Gov. Rod Blagojevich, D-Ill., left, Sen. Barack Obama, D-Ill., center, and Sen. Dick Durbin, D-Ill., are sworn in before giving testimony at the Base Closure and Realignment Commission hearings at Saint Louis University in St. Louis, Monday, June 20, 2005. Representatives from Missouri, Illinois, Iowa, Kentucky, Indiana, Michigan and Wisconsin will present their case to the commission.
Editor's note: The subpoena request, which was intended to be heavily redacted, was improperly blacked out and the information is easily viewable following simple editing procedures. NBC has published an analysis of those redactions here.
In what appears to be yet another sensational move, former governor Rod Blagojevich's defense team asked Thursday to issue a trial subpoena to the President of the United States of America.
They plan to call President Obama as a corroborating witness, because they say he can verify that Blagojevich didn't try to sell his seat.
After Blagojevich was indicted, Obama and his staff sat down for interviews with federal prosecutors to talk about ties to convicted developer Tony Rezko and Blagojevich's attempts to make deals for a senate seat appointment.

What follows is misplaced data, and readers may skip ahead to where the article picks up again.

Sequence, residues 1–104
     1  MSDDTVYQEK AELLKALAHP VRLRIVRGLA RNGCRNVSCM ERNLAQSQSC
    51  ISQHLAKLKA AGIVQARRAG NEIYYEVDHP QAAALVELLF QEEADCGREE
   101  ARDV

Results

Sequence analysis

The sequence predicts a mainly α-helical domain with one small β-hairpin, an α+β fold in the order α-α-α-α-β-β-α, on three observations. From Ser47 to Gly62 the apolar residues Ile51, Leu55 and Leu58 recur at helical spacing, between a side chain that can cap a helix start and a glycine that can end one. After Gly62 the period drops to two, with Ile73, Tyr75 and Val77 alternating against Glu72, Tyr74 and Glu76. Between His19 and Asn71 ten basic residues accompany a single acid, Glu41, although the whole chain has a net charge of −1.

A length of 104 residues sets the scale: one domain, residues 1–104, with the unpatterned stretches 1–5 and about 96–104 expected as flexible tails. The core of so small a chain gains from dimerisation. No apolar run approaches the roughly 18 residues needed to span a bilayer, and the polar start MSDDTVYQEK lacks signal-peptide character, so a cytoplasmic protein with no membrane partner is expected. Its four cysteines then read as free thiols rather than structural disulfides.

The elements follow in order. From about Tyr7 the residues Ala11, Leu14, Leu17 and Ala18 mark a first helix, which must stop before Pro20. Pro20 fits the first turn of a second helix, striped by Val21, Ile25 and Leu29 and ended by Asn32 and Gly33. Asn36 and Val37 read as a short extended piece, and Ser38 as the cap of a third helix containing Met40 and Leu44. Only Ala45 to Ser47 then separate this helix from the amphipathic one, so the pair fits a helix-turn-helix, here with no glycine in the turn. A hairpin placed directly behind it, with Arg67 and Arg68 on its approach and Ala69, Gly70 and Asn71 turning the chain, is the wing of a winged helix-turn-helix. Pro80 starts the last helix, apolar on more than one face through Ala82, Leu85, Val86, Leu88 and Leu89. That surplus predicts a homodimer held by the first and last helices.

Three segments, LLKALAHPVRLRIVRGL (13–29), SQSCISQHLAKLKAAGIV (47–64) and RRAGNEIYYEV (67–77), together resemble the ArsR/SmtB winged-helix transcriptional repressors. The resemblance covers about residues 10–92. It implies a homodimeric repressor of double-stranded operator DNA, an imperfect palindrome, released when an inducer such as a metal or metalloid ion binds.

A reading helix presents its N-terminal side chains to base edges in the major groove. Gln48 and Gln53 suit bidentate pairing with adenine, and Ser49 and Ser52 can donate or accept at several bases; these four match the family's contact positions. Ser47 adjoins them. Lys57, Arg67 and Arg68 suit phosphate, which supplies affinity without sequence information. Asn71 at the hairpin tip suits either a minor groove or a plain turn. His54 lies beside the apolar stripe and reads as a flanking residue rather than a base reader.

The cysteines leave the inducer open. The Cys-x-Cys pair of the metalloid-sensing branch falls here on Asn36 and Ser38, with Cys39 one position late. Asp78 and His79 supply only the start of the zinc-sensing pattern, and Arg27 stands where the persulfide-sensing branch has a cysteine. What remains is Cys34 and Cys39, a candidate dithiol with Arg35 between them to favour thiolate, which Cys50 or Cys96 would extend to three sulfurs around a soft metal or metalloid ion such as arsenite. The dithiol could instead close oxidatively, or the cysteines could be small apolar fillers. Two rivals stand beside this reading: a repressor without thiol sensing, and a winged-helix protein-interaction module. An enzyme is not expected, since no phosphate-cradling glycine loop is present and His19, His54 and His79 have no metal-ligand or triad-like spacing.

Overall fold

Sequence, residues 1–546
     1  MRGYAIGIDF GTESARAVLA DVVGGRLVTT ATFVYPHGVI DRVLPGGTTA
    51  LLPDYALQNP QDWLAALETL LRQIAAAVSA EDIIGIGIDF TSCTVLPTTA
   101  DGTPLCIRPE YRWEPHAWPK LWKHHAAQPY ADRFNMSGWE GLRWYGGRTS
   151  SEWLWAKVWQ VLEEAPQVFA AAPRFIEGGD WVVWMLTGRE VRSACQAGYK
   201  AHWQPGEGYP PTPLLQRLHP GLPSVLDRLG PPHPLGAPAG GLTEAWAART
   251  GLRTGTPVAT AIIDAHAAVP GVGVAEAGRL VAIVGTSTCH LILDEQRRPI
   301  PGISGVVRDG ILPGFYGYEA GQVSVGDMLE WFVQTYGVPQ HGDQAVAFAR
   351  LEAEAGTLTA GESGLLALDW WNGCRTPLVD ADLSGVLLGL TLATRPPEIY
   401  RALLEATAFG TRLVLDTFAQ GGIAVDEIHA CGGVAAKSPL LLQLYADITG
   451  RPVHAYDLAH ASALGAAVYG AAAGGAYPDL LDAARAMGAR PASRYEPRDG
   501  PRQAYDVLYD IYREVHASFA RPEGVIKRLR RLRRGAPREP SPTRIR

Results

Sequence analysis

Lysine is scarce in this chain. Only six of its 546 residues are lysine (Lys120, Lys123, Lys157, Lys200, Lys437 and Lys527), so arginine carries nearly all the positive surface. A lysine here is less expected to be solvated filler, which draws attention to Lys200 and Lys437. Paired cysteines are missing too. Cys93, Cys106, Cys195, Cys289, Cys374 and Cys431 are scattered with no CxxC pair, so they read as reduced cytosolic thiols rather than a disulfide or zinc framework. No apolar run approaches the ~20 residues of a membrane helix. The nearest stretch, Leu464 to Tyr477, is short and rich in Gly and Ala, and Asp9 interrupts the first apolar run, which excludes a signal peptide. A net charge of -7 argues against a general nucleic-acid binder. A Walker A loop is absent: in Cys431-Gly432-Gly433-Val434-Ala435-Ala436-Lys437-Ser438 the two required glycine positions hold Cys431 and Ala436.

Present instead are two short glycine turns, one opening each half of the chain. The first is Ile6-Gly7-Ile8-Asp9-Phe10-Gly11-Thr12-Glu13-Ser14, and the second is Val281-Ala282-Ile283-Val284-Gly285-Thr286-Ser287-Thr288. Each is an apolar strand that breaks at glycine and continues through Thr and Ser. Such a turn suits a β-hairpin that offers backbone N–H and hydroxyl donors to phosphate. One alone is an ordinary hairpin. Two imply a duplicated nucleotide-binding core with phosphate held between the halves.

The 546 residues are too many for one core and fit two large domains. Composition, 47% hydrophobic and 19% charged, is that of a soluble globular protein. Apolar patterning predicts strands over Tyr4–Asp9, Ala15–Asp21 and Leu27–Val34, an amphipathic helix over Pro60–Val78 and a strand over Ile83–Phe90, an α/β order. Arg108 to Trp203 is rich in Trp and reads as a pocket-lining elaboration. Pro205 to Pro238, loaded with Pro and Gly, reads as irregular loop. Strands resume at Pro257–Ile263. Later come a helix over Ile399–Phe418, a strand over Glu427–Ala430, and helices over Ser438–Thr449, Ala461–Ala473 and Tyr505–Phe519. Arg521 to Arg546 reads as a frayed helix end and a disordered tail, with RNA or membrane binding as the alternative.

Blagojevich's lawyers filed a motion for the notes in December, but say they never received them.
"As of today's date, the defense has not received any notes, transcripts, or reports from President Obama's interview with the government," defense lawyers wrote in the subpoena.
The Blago defense contends that Obama's public statements -- that no representatives of his took part in any deals for the seat --- don't jibe with the prosecution's interviews.
"President Obama has direct knowledge to allegations made in the indictment," defense lawyers wrote in their filing. "In addition, President Obama's public statements contradict other witness statements,specifically those made by labor union official and Senate Candidate B (Valerie Jarrett). It is anticipated that labor union official will be a witness for the government. His accounts of events directly related to the charges in the indictment are contradicted by President Obama's public statement."
It's unclear if the President would agree to testify. The White House has not responded to the request to subpoena at this time.
Presidents can cite a number of reasons -- including national security, executive privilege or scheduling conflicts -- to avoid testifying. But presidential testimony is not without precedent: former President Clinton taped a video deposition in a civil case while in office.
The defense said it would ask the president to tape his deposition, but that move would be up to Judge James B. Zagel. Blagojevich's corruption trial begins in six weeks.